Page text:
Belfast International Airport has introduced a new charge. After deciding to charge people £1 ($1.64) to drop off passengers and £1 for a clear plastic bag to put liquids in, now passengers are going to be charged £1 to use the smoking areas.
Airport officials defend the charges saying it costs them extra to maintain separate smoking areas, which are used only by a minority of the passengers.
Smokers will have to insert a pound coin into a coin slot to open the doors to the smoking area. Do you think this is fair? Take the poll below or sound off in the comments section!
One of the best parts of traveling is indulging in a few vices. The “hey, I’m on vacation!” attitude enables you to order dessert, have a glass of wine with lunch, and not worry about the calories you’re taking in, especially as you figure you’ll burn them off walking around museums or hiking the countryside. This photo by Flickr user eolone in Serbia shows some of the best travel food groups: the sausage group, the fried group, even the “hey, I’m in Europe!” tobacco group. Just switch out the water for a beer and you’d have the perfect guilt-free (for now) vacation meal.
Starting today in Spain, it is illegal to smoke in any enclosed space where the public gathers. This includes bars, cafes, and restaurants. It will also be illegal to smoke in school playgrounds and near hospitals. Smoking will even be banned from TV shows.
Spain joins a host of countries that have recently toughened up anti-smoking laws, including Finland, Egypt, and Syria. Countries with national health care systems are looking for ways to reduce costs, and getting people to give up an unhealthy habit is one way to do that. In the U.S., health insurance companies have been among the biggest proponents of anti-smoking legislation.
Living in Spain, it’s seems inconceivable to me to spend a night out on a juerga (pub crawl) and not come home smelling like an ashtray. Then again, I had a hard time believing British pubs would enforce the UK smoking ban a few years back, and they did.
Spanish bar and cafe owners aren’t happy, though. With the economic crisis some have already gone under, and others fear that customers will keep away. A Spanish law in 2006 seemed to have solved the problem by allowing smaller places to choose whether to be smoking or nonsmoking, while larger venues had to provide no smoking areas. Most smaller places chose to allow smoking, but a few did well by becoming bastions of clean air. Now everyone has to ban smoking, and those larger places that built special nonsmoking sections ended up wasting their money.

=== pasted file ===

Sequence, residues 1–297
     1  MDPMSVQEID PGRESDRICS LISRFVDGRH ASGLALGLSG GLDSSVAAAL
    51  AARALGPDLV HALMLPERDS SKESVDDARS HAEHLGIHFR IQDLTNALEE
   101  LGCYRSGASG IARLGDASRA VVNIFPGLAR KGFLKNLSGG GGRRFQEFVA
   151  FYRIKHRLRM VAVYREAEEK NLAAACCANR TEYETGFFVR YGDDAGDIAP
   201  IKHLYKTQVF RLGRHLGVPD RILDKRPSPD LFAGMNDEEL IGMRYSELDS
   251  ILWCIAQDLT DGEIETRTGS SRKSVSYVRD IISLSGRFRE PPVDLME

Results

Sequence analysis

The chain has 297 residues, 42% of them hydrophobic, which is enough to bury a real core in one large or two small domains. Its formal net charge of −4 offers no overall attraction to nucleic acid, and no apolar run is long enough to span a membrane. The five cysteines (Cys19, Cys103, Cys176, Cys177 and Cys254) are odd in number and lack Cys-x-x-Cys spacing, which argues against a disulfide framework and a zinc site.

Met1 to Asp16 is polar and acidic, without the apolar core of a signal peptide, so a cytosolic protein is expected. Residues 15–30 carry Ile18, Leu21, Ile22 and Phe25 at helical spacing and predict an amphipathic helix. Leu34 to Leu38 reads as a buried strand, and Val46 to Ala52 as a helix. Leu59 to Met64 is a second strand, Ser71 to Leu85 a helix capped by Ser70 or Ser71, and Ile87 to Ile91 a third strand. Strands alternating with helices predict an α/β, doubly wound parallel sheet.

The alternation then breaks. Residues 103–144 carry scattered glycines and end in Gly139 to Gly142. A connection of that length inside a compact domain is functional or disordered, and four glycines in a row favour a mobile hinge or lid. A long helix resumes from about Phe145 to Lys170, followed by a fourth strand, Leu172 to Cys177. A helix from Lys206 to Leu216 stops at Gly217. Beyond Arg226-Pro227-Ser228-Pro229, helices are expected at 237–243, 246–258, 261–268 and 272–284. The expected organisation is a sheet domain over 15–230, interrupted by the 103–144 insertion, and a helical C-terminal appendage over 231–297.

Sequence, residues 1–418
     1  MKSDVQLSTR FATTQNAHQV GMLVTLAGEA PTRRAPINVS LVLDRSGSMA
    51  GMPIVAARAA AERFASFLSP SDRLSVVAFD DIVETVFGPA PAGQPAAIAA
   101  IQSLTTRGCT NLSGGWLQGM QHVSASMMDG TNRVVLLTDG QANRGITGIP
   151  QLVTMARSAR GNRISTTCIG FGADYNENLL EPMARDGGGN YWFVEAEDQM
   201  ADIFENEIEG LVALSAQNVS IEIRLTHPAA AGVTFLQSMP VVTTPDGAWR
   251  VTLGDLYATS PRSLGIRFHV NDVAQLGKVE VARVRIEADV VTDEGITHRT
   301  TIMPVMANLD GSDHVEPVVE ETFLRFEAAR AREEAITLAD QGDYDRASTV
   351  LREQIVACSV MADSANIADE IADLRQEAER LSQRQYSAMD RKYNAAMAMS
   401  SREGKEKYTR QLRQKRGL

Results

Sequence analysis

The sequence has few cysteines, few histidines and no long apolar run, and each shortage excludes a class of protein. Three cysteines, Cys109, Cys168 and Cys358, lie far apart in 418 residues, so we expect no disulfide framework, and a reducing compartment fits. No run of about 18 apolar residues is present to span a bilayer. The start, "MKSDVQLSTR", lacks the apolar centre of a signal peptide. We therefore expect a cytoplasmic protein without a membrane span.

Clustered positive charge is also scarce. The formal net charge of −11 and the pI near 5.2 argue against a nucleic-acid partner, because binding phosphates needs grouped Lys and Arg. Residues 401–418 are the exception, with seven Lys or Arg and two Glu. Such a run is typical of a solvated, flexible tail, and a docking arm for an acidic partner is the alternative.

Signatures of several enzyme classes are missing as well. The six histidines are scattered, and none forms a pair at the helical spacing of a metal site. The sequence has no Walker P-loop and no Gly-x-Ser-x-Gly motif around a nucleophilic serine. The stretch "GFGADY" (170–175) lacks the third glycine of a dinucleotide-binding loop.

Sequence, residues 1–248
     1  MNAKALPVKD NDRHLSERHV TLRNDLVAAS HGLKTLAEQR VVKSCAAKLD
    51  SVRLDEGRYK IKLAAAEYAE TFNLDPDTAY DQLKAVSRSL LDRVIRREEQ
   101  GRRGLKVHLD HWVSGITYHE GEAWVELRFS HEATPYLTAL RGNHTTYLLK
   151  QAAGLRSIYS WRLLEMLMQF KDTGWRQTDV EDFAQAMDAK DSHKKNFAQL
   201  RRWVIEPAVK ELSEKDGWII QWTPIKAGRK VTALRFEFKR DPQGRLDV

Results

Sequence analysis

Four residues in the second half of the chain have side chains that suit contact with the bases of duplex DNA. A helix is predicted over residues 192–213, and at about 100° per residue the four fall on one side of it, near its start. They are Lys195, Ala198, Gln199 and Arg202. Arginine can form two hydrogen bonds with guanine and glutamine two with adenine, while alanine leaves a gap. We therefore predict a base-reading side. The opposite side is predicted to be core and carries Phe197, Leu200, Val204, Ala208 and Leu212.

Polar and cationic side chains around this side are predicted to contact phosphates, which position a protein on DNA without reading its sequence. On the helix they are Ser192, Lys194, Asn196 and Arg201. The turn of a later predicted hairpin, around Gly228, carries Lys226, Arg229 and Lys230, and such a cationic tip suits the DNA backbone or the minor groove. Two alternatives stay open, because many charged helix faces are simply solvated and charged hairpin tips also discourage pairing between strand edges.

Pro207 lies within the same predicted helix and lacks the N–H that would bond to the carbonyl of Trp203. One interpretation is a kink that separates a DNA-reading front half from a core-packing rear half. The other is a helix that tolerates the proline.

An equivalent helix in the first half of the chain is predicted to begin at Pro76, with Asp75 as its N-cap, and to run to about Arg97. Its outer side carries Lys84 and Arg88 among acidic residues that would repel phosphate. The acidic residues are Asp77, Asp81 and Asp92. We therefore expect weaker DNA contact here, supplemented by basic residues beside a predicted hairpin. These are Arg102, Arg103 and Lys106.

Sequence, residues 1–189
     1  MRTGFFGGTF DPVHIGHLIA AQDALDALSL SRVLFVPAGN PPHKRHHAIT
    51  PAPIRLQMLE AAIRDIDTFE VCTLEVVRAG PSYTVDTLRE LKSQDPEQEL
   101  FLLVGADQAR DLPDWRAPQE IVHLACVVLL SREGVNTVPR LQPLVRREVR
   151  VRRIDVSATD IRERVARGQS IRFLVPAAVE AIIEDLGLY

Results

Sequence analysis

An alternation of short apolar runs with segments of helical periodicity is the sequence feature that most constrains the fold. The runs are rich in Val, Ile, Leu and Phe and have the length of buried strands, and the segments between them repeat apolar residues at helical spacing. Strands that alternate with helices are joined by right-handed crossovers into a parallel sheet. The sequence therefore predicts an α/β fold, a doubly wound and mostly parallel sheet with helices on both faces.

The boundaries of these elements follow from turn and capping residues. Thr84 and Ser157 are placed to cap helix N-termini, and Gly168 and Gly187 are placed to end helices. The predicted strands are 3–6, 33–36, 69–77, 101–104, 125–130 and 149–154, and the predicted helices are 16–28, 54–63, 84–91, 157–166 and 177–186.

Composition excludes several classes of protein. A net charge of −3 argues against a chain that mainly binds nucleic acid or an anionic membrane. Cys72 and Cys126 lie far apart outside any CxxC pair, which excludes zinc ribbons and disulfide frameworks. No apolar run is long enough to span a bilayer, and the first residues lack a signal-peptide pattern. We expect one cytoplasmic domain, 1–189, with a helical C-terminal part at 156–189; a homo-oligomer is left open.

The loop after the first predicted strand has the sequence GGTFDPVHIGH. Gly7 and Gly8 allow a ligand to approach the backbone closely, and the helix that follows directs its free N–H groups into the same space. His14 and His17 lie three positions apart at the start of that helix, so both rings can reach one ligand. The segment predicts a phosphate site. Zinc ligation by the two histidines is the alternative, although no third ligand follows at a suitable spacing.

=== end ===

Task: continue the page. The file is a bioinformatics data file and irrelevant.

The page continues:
Police are distributing 30,000 scratch and sniff cards to homes in Rotterdam and The Hague to help people identify the smell of cannabis. That’s right, many Dutch people apparently don’t know what pot smells like. Just because something’s decriminalized doesn’t mean everyone does it.
While possession of up to five grams of pot and the cultivation of up to five plants is decriminalized, large-scale growing is illegal and authorities consider it a problem. The cops are hoping people will scratch the cards, take a good whiff, and then sniff around near their neighbors’ backyards and narc on them if they turn out to be growing something they shouldn’t be.
The cards also ask citizens to be vigilant in noticing if their neighbors keep their blinds closed, have ventilators running all the time, or use a lot of electricity.
This latest move appears to be attacking coffee shops from another direction. While some localities are closing shops down or making them members-only to keep out the tourists, the authorities recognize that illegal farms (up to 40,000 in the entire country, they estimate) are needed to supply the shops with weed.
[Photo courtesy user Bastique via Wikimedia Commons]
The charter airline is sympathetic to the feelings of smokers, a rarity in today’s world. Spend a few hours on a plane, if you’re in the habit of puffing, and the result is a nic fit with an intensity determined by the length of your flight. Cross the Atlantic, and that first opportunity to light up is impossible to describe.
No, Global Exec Aviation isn’t going to let you fire up in flight, but it will give you the next best thing. The airline is partnering with Blu Cigs, which makes electronic cigarettes. The devices emit a mist rather than smoke, and the vapor contains the nicotine that makes a long flight easier to bear. So, if you fly Global Exec, there will be Blu Cigs on hand for you.
“Definitely it’s the first step,” Jason Healy, president of Blu Cigs, says of the partnership with Global Exec Aviation of Long Beach. “It’s largely to gather feedback … and just highlight the fact it’s an option.”
Smoking has been prohibited on all commercial flights to, from and within the United States since 2000, USA Today reports, but charter flights can choose to allow smoking as long as they provide a non-smoking section.
For those hoping the Blue Cigs will be provided on commercial flights … don’t hold your breath. Southwest spokesman Brad Hawkins told USA Today, “We have no plans to offer e-cigarettes, and we currently do not allow their use in-flight.” A spokesman for American Airlines says the same.
Jason Holi, one of the operations managers at Global Exec thinks that perspective might be a bit hasty:
“We’re in a customer-service industry,” Holi says. “If I have a passenger who’s a white-knuckle flier but a heavy chain smoker, I want to make it as accommodating as possible for him.”
Keeping your customers happy – what a novel concept!